Sramana Mitra: Tell me a little bit about your company. You’ve raised three rounds of financing. What’s the genesis of the company? What’s the story?
Sash Sunkara: We started the company in 2009. It was myself and Todd Matters. Our focus was on building a cloud management suite for the enterprises and building that bridge. We’d just gotten through 2008. Investments weren’t happening in a big way. A lot of VCs were just holding on and trying to make sure that they had enough funds for their current portfolio. We found a strategic partner that wanted the product for a different use. They put a couple of million dollars in.
We used the fund to focus on the product and build a small team. We came out and were ready with the product in 2010. We were ready to launch it in 2011. At that point, our strategic partner was acquired by another vendor in that space. We wrote that contract in a way that if either party got acquired, the other party could terminate the contract. We ended up terminating the contract. The good news was we didn’t give up any equity in that transaction. We didn’t have to pay the money back. The bad news was we weren’t going not get any more funds from that partner.
We found ourselves in 2011 with a product, a small team, and a little bit of money in the bank. We weren’t quite ready to raise venture capital yet, so we took it on the road. We found some early clients. We landed a DoD contract and found success. We used the revenue to continue to operate the company. We introduced a second-generation product, which was around cloud bursting, auto-scaling leveraging the benefits of the cloud. We said, “We have some good proof points. It’s time to go raise money.”
We started fundraising at the end of 2012. We got a term sheet in early 2013. Todd and I both come from other startups where we had founded and raised large sums of money. We decided that’s not the route we wanted to go. We wanted to raise a small round of capital to give us some runway, hire a small team, and be able to execute on the roadmap and not live paycheck-to-paycheck.
We raised $3 million in early 2013. That was a big boost for us. It got us to develop a small team and execute on the roadmap. It allowed us to accumulate a good set of customers. We sold licenses to Coca-Cola. We did migration for folks like Procter & Gamble. Our Board said, “You’re getting some good traction. You probably need to scale the team.” We did an inside round in 2014. It was a small one – $2.3 million. Then in 2014, we were approached by IBM. They had some internal products that did what we did. They said, “We really like the approach of this cloud management suite. It’s not a point product. To get what you guys deliver, we have to go to three or four vendors. However, you’re going to have to beat our incumbents.”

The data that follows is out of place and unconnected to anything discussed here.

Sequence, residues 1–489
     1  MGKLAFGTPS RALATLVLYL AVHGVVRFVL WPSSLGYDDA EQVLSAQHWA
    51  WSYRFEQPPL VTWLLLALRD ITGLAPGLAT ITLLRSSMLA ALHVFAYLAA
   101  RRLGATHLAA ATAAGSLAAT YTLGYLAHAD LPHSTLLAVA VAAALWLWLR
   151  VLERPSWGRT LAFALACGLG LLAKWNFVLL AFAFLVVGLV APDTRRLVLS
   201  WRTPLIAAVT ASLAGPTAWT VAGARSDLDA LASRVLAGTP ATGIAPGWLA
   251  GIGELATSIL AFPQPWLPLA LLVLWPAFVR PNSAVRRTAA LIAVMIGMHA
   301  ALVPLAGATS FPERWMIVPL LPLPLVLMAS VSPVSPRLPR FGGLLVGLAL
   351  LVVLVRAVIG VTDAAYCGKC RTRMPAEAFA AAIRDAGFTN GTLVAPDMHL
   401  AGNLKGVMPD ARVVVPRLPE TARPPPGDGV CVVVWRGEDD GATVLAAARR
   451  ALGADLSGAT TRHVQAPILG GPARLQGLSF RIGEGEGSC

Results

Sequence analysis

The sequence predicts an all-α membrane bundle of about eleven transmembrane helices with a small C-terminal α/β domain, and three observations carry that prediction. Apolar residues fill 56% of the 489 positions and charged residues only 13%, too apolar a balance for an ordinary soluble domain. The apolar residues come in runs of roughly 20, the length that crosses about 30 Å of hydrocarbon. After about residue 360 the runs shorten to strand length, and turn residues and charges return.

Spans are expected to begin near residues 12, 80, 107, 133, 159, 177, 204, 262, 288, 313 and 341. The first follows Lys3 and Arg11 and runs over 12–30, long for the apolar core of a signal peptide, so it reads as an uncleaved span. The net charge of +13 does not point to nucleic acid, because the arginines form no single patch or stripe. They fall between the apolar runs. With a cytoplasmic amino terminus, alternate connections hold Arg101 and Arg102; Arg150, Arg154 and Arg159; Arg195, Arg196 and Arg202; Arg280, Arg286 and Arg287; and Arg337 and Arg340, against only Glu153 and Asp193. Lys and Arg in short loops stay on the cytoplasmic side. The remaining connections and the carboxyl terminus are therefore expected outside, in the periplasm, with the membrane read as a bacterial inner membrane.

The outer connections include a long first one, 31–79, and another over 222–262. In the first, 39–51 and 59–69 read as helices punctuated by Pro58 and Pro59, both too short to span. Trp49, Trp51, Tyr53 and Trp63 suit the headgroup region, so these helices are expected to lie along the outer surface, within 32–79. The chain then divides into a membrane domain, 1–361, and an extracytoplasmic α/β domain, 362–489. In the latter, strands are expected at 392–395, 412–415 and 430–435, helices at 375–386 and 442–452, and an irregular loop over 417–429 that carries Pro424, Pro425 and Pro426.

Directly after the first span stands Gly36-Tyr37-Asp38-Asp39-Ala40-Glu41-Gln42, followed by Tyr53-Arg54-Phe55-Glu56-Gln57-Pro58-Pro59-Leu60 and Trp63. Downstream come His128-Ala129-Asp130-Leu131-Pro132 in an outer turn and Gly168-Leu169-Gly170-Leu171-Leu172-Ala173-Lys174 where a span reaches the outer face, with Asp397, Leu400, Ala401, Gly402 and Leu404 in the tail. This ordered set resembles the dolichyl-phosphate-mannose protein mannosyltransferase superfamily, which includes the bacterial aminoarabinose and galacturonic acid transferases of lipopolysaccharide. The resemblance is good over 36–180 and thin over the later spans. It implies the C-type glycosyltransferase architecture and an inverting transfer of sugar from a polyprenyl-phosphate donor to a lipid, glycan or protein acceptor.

We did a head-to-head with about six or seven vendors in 2014. We ended up winning in the fall of 2014. We signed an OEM agreement with IBM at the end of that year. It really helped. It elevated us as far as the kind of accounts we were seeing. In 2015, VMWare approached us. They had an internal product that competed with us, but they didn’t fill-in all the gaps. They came to us. They were interested in cloud-to-cloud DR. We ended up winning a pretty big deal with them and closing a reseller relationship at the end of that year. That increased our customer set. We ended up closing St. John’s University with them.
We had IBM. We had VMWare and we had started a relationship with Oracle at the beginning of 2016. In 2016, we were chugging along. We sat around the table and said, “What do we want for ourselves? Do we just want to continue to chug along or do we want to take advantage of this market that seems to be accelerating?” We decided to raise another round of financing at the beginning of 2016. I started in earnest in late spring. We ended up closing a $10 million round Series B in August of 2016.
That has been great. We’ve been able to scale marketing and sales. It was to increase our profile in the market. We haven’t spent as much money as our competitors. We were continuing to chug along in 2016. We closed several large clients. We’ve doubled revenue year-over-year from 2013 to 2016. What’s important about the story is that when we started off, it was mostly one-time migration revenue. Though that’s good, it’s something you have to earn everyday.
What we started to grow late in 2014 was our DR revenue, which was subscription-based. When we started, our recurring revenue was probably less than 10%. It was around a little less than 20% in 2015. Our goal this year is about 60%. We’re on track with that. That’s the direction we’re going in. Our sixth-generation product is all about the hybrid cloud management portal. That’s also going to be subscription-based again.
Sramana Mitra: Very interesting. Thank you for your time.